Surges in jellyfish populations may be one reason for a drop in fish stocks observed in the Mediterranean and Black Sea, according to a new report published by the Food and Agriculture Organisation (FAO).
Overfishing, which removes top predators from the sea, is one of the factors behind jellyfish ‘blooms’, or suddenly increased numbers. A ‘vicious circle’ can then follow in which large numbers of medusae feed on fish larvae and juveniles, and “further reduce the resilience of fish populations already impacted by overfishing,” according to the report, from FAO's General Fisheries Commission for the Mediterranean.
Jellyfish “might be the proverbial straw that broke the camel's back” said the Review of Jellyfish Blooms in the Mediterranean and Black Sea.
Normally, only the impact of human fishing activities is taken into account in setting sustainable fishing limits, the report said. But jellyfish can also have a high impact on fish eggs and larvae, either directly or by competing for the same food sources. They should thus be considered in any ecosystems-based approach to fisheries management.
The severe effect jellyfish can have on fish stocks was demonstrated in the early 1980s when Mnemiopsis leidyi, a jellyfish species normally resident on the Atlantic, was accidentally introduced into the Black Sea and had such “overwhelming” impact on fish populations that fisheries were put “on their knees”.
The problem was only resolved after another invader species Beroe ovate, which feeds on Mnemiopsis, also arrived in the Black Sea.
In the Adriatic a drop in fish populations was also observed 20-30 years ago with successive surges of mauve-coloured, Pelagia noctiluca jellyfish that deliver a vicious sting. The combined effect of Pelagia predation on the one hand and human overfishing on the other played a large part in reducing reproductive adult fish “to a threshold that made recovery of fish populations less effective”.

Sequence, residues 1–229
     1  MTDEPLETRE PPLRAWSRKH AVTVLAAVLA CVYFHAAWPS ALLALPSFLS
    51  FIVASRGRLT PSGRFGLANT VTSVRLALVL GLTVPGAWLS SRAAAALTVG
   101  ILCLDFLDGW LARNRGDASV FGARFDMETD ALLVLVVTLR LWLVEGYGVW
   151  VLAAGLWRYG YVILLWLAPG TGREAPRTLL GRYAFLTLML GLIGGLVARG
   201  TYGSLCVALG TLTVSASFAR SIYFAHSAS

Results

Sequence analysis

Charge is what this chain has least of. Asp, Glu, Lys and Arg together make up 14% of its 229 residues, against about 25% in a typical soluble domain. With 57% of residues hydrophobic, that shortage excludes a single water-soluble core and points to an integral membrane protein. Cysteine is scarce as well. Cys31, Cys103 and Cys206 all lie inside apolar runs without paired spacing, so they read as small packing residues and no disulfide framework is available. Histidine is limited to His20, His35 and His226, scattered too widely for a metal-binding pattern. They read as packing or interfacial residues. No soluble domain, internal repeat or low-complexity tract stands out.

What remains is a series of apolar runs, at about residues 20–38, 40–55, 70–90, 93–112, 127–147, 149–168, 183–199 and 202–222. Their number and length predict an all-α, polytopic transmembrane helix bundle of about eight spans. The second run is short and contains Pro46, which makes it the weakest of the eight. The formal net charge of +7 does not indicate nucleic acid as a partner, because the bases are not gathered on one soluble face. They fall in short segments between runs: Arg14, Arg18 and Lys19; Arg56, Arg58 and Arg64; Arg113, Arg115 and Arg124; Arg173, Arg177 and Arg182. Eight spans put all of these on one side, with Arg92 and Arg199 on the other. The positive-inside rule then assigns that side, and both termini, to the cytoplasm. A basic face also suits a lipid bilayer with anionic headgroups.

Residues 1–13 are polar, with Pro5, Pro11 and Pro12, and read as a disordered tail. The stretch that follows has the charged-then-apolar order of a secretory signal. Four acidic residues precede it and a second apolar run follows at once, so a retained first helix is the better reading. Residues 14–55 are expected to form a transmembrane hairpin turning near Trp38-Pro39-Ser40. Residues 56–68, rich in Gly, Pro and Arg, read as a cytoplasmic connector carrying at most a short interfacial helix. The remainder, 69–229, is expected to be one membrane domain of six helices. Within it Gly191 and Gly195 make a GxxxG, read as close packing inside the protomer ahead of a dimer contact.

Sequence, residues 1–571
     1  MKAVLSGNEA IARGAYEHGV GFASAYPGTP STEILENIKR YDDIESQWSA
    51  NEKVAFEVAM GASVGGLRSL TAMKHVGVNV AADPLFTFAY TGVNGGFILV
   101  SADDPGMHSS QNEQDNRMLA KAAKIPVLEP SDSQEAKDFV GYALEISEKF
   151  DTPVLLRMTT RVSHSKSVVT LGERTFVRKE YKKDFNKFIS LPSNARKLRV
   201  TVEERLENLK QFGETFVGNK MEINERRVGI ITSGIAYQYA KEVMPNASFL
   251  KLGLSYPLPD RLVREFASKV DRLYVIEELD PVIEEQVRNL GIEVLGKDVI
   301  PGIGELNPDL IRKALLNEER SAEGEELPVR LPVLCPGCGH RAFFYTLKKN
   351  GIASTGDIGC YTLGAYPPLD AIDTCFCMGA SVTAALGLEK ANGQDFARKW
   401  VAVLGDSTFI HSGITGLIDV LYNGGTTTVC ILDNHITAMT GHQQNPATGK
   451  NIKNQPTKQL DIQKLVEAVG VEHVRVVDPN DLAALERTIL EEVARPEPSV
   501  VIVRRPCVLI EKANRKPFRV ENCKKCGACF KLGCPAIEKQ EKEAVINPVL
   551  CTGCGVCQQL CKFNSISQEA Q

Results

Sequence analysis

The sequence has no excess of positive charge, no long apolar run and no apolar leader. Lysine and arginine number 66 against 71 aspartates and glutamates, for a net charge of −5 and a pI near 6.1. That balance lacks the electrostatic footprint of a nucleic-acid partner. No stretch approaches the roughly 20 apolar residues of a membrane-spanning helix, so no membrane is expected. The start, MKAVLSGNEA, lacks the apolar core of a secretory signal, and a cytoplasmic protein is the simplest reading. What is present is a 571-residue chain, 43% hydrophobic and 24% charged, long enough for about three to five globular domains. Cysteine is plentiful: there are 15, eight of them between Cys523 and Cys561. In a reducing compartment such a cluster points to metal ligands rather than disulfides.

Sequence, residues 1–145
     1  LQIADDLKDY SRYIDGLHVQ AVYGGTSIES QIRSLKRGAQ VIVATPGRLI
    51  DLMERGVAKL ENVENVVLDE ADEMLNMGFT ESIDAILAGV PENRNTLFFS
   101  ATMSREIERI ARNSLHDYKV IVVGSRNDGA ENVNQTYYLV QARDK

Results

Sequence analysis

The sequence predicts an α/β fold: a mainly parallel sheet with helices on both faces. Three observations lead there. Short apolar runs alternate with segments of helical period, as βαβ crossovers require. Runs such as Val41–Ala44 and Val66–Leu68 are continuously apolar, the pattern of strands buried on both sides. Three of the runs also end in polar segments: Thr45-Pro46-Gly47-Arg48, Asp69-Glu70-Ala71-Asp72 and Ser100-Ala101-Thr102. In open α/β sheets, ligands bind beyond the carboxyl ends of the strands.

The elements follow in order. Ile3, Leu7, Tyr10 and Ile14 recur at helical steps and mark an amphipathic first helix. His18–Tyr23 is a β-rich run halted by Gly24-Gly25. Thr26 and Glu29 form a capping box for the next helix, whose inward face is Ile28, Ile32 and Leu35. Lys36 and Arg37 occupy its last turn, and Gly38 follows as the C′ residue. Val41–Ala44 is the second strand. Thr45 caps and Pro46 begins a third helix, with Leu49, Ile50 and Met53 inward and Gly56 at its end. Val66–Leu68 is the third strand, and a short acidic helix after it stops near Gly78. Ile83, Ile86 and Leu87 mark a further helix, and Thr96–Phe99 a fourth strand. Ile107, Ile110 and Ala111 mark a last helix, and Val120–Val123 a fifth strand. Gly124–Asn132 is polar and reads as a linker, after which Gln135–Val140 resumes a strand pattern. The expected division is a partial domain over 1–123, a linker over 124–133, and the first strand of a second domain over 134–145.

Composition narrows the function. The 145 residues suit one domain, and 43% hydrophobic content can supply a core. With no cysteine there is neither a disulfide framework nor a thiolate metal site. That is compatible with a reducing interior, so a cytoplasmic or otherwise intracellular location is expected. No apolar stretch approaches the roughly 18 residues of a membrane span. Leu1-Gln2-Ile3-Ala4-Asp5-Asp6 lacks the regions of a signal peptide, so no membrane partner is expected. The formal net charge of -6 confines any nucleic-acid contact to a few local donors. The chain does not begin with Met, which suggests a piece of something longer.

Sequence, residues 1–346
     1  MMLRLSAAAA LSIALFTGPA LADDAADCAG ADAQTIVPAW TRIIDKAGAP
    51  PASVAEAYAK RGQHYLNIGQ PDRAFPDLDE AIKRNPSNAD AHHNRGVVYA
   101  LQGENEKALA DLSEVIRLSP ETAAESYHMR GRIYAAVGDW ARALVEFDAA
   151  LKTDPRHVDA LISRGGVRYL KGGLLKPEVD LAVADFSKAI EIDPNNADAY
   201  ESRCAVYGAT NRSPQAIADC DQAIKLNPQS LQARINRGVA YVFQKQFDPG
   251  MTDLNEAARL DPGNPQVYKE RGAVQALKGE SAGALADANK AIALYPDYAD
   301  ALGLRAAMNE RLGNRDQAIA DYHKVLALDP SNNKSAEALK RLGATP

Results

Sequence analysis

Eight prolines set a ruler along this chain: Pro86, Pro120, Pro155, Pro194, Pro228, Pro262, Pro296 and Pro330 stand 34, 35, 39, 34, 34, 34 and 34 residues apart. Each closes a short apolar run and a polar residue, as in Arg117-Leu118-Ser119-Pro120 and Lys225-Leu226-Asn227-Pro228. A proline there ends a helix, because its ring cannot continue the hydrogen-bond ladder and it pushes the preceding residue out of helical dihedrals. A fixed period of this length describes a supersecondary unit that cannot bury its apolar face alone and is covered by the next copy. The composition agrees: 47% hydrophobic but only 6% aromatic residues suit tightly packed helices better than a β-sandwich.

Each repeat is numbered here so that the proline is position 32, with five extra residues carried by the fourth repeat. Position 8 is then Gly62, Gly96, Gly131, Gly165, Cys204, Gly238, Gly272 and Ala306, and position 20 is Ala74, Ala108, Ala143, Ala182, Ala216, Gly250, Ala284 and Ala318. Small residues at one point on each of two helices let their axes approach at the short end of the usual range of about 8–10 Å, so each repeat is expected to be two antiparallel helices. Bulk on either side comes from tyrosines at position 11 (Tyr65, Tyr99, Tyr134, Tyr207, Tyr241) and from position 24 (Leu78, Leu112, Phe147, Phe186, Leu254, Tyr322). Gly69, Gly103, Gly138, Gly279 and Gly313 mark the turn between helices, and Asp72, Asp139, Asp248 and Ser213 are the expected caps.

“In the past, the system could cope with episodes of jellyfish abundance, but in the case of the early 1980s blooms, the system went in another direction and is still not back to "normal" in pre-Pelagia years,” the report stated.
Jellyfish have now become persistently abundant in almost all the oceans of the world, leading some experts to speak of “a global regime shift from a fish to a jellyfish ocean” in which jellyfish supplant fish.
Although the reasons for the phenomenon are not fully understood, they may include, besides overfishing: Global warming, which enhances species that thrive at tropical latitudes; eutrophication, which increases nutrients in the water; and widespread use of sea walls to prevent coastal erosion and the large number of tourist harbours, which make an ideal habitat for those jellyfish who go through a stage as polyps in their early lives.
Measures advocated to prevent or cope with jellyfish blooms include: incorporate jellyfish research into fisheries research; develop jellyfish products for food and medicine. Some jellyfish species are a food source in several countries.
Other measures include: among other possibilities, the discovery of an "immortal jellyfish", Turritopsis nutricula, capable of reversing its ageing process, holds out the promise of developing powerful rejuvenation products for humans; establish early warning systems of jellyfish blooms, with protective barriers for aquaculture farms.
Taking steps to reduce overfishing, greenhouse gas emissions and the causes of eutrophication “would undoubtedly improve environmental quality at large and might, thus, also reduce the present prevalence of jellyfish,” the report added.